Differences in Gut Microbiota as a Potential Factor in Alzheimer’s Disease Development


  • Briya Patel American Heritage High School
  • Leya Joykutty Mentor, American Heritage School




Alzheimer's Disease, Gut Microbiome, Microbiome changes, Diet


Considering that humans consist of more non-human species than cells, it is critical to understand the impact of the microbiome on diseases. As Alzheimer’s disease becomes a more and more pressing issue, it may be possible to combat it or slow its progress by understanding how alterations in the gut microbiome, which can influence functions in the brain in a variety of ways, affect its development.Gut bacteria can produce neurotransmitters such as melatonin, gamma-aminobutyric acid, histamine, and acetylcholine, which can contribute or antagonize neuroinflammation and neurofibrillary tangles. It is best to balance beneficial bacteria with harmful bacteria. Additionally, using probiotics and altered diets can serve to change gut microbiome composition and influence Alzheimer’s disease development. It is important to understand microbiome-cell interactions and utilize that information to create new therapeutic strategies for Alzheimer’s disease through forms like diets, probiotics, and interventional procedures.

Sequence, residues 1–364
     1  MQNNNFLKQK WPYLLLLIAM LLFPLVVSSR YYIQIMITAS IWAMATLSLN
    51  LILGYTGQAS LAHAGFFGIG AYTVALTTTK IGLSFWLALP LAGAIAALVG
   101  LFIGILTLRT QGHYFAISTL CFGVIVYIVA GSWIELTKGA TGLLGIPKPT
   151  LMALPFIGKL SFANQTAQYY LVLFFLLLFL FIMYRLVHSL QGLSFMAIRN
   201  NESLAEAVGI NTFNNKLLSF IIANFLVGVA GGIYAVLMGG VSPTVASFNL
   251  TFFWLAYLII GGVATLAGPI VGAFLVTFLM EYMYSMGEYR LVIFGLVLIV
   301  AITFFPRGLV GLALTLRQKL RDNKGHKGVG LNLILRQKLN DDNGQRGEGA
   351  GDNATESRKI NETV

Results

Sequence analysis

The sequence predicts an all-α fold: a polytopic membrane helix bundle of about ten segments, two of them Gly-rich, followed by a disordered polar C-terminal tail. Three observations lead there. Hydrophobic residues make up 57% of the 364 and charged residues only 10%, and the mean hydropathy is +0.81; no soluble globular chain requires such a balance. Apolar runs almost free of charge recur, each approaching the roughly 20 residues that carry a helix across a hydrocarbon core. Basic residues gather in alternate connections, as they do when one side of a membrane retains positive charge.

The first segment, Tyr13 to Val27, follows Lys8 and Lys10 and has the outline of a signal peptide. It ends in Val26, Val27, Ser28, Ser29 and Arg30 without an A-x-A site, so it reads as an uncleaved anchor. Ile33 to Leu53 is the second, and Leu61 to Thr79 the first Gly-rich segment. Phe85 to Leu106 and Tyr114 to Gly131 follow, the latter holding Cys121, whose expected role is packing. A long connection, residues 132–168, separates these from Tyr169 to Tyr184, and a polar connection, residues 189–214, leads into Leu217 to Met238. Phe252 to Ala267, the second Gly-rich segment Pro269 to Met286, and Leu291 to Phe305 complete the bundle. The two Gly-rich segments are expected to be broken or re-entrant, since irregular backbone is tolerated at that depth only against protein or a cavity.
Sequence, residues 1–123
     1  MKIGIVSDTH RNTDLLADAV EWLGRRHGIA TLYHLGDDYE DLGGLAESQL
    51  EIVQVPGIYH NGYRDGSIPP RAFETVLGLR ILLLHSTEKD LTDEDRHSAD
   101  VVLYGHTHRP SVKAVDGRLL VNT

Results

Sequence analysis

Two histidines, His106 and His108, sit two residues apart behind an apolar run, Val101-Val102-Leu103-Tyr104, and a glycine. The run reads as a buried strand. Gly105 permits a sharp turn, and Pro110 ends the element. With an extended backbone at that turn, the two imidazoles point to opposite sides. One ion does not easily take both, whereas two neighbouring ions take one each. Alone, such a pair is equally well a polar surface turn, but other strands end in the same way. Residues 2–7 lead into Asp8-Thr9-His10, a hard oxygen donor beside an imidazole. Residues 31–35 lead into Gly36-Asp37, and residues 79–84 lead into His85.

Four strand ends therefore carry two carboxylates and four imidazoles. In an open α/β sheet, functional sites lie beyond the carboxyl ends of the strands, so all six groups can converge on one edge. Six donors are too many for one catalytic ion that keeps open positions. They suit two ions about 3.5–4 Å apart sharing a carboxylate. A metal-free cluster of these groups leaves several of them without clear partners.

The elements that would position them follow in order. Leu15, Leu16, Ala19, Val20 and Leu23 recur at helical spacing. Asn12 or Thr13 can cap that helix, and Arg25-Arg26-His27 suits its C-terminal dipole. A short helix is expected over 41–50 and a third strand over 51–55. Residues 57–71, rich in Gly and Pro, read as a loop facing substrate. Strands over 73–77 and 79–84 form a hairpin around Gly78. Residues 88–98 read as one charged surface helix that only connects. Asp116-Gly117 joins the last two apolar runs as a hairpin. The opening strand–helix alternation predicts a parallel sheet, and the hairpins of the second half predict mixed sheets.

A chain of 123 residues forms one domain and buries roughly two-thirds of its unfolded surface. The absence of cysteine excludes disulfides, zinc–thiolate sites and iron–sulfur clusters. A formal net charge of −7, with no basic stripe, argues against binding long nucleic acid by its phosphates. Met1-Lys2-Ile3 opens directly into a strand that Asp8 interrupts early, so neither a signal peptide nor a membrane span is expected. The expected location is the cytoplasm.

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Author Biography

Leya Joykutty, Mentor, American Heritage School

Biology teacher and Research Program Mentor, Coordinator, and Teacher

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How to Cite

Patel, B., & Joykutty, L. (2021). Differences in Gut Microbiota as a Potential Factor in Alzheimer’s Disease Development. Journal of Student Research, 10(3). https://doi.org/10.47611/jsrhs.v10i3.1609



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